Share and share alike

There’s another question right there. Why wouldn’t the wise bridesmaids share? That doesn’t seem too wise to me! The foolish bridesmaids were sent to Ace Hardware in the middle of the night. Well, there’s a good choice. The bridegroom was already nearby! The procession and the party went on without them and when they arrived, the door was closed. I would ask myself what the bridegroom thought was important.

In the case of a marathon, most runners have little intention of winning. They want to finish the race… every stride marked with intentional breathing when physically challenged, and mindful reflections of the year of training. Exhausted at the finish, they fall into the arms of supporters who have been present with them from start to finish. Most runners, like Jacqueline Gareau, will never be known. But they will know themselves better than ever.

The importance of Being present

In our spiritual life, to be present is the goal, not Bible reading. Contemplative practices are not the Mystery, they are the means to be present to the Mystery.

So often in Christianity we assign the title of spiritual giant to those who carry seminary degrees, speak with eloquence, or have a righteous podcast. To reach these positions through intellectual means alone is much like the wreath Rosie wore in the circle. While means is good preparation, we need to sit present with God in contemplation.

What if we were to take this 30-minute service as an invitation to silence from the minute we heard the singing bowl ring? Three tones that say Be… With… Me and at the end Go… With… Me… During music, we sit present communally, listening to the way Spirit rests with us or speaks to us individually. We don’t run out and get more knowledge to do it right and we certainly don’t need to get oil.

Where do we get the oil when we feel like we are unprepared? Let’s try it right now. It is a practice that we should welcome doing uncomfortably at the beginning, until we long to return.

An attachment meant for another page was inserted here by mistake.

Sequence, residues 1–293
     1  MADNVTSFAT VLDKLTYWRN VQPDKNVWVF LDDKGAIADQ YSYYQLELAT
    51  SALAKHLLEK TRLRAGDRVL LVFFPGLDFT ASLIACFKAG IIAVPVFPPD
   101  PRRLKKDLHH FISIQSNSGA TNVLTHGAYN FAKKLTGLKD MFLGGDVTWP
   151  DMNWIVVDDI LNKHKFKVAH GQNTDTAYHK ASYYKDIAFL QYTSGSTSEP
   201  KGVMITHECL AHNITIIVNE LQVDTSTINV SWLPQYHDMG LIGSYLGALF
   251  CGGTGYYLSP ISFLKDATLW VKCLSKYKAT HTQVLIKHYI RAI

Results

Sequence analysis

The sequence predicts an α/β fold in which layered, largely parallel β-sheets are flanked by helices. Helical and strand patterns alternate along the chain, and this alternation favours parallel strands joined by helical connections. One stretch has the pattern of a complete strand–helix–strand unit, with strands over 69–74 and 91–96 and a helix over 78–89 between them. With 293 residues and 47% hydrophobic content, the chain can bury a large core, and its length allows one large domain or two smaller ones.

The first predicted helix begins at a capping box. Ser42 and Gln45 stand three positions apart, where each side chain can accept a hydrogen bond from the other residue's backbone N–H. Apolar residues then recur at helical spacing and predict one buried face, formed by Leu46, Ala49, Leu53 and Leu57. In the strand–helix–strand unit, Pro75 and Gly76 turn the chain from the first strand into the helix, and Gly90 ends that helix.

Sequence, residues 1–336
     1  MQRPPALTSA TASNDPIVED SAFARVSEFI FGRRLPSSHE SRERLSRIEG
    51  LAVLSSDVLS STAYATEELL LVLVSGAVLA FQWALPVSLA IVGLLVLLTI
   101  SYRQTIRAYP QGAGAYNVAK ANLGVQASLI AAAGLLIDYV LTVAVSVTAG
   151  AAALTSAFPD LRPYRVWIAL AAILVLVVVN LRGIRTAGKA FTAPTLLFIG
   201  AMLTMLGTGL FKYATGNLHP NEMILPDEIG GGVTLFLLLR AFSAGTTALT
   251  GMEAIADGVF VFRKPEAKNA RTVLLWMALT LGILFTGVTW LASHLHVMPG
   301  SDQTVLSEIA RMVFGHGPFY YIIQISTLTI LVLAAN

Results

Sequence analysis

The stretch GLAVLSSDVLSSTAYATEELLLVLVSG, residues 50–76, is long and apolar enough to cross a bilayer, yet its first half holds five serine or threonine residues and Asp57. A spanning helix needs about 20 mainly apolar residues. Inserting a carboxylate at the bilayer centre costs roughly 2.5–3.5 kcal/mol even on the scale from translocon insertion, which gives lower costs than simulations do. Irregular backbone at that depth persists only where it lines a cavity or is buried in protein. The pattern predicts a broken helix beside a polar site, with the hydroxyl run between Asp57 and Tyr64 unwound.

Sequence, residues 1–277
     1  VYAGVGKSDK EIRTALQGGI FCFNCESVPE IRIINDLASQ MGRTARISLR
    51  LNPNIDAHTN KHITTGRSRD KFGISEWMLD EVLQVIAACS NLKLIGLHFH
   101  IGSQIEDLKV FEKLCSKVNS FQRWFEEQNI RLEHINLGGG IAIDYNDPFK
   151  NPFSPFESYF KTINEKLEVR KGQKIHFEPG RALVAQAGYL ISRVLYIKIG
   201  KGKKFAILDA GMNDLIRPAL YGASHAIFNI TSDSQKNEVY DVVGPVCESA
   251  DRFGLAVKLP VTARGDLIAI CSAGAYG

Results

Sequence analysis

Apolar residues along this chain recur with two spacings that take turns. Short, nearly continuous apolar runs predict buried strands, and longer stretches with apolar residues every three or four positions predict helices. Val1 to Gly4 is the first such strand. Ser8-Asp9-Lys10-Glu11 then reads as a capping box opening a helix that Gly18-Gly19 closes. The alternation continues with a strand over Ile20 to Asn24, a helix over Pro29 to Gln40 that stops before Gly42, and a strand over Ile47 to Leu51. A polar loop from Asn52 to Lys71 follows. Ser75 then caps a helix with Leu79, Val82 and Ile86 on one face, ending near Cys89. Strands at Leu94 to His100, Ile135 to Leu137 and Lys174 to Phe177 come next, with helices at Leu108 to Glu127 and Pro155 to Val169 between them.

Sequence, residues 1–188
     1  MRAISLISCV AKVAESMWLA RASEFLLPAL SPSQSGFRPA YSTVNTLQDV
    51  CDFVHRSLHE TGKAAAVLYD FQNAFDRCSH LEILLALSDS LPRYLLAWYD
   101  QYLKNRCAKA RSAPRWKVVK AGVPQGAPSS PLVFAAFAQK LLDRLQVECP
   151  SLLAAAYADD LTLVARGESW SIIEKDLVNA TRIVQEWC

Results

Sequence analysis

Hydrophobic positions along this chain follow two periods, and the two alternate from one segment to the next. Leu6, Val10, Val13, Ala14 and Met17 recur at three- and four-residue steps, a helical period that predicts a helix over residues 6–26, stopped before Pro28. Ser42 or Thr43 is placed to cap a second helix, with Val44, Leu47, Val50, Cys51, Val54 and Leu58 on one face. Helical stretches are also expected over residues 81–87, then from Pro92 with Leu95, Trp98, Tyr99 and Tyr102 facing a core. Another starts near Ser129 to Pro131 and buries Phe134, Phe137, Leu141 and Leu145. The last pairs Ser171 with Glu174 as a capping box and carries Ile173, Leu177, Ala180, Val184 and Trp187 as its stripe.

Take natural deep breaths as I read. To be anointed with oil is to know we need not go to Ace Hardware.

Psalm 23

The Lord is my shepherd; I shall not want.
He makes me lie down in green pastures; he leads me beside still waters;
he restores my soul.
He leads me in right paths for his name’s sake.

Even though I walk through the darkest valley, I fear no evil, for you are with me;
  your rod and your staff, they comfort me.

You prepare a table before me in the presence of my enemies;
  you anoint my head with oil; my cup overflows.

Surely goodness and mercy shall follow me all the days of my life,
  and I shall dwell in the house of the Lord my whole life long.


Wednesday Respite is a 30-min contemplative service of scripture, prayer, music and a Spirited Touchpoint by Henry Rojas, spiritual director at Spirit in the Desert.

Touchpoint is a reflection on where God’s story touches our life story. It is a short homily based on a biblical story of people in the Old and New Testaments and their relationship with God. Our spiritual ancestors’ experience of God’s grace connects with our lives in the present and our relationship with the Divine. Previous Touchpoints are available as PDFs or on SoundCloud.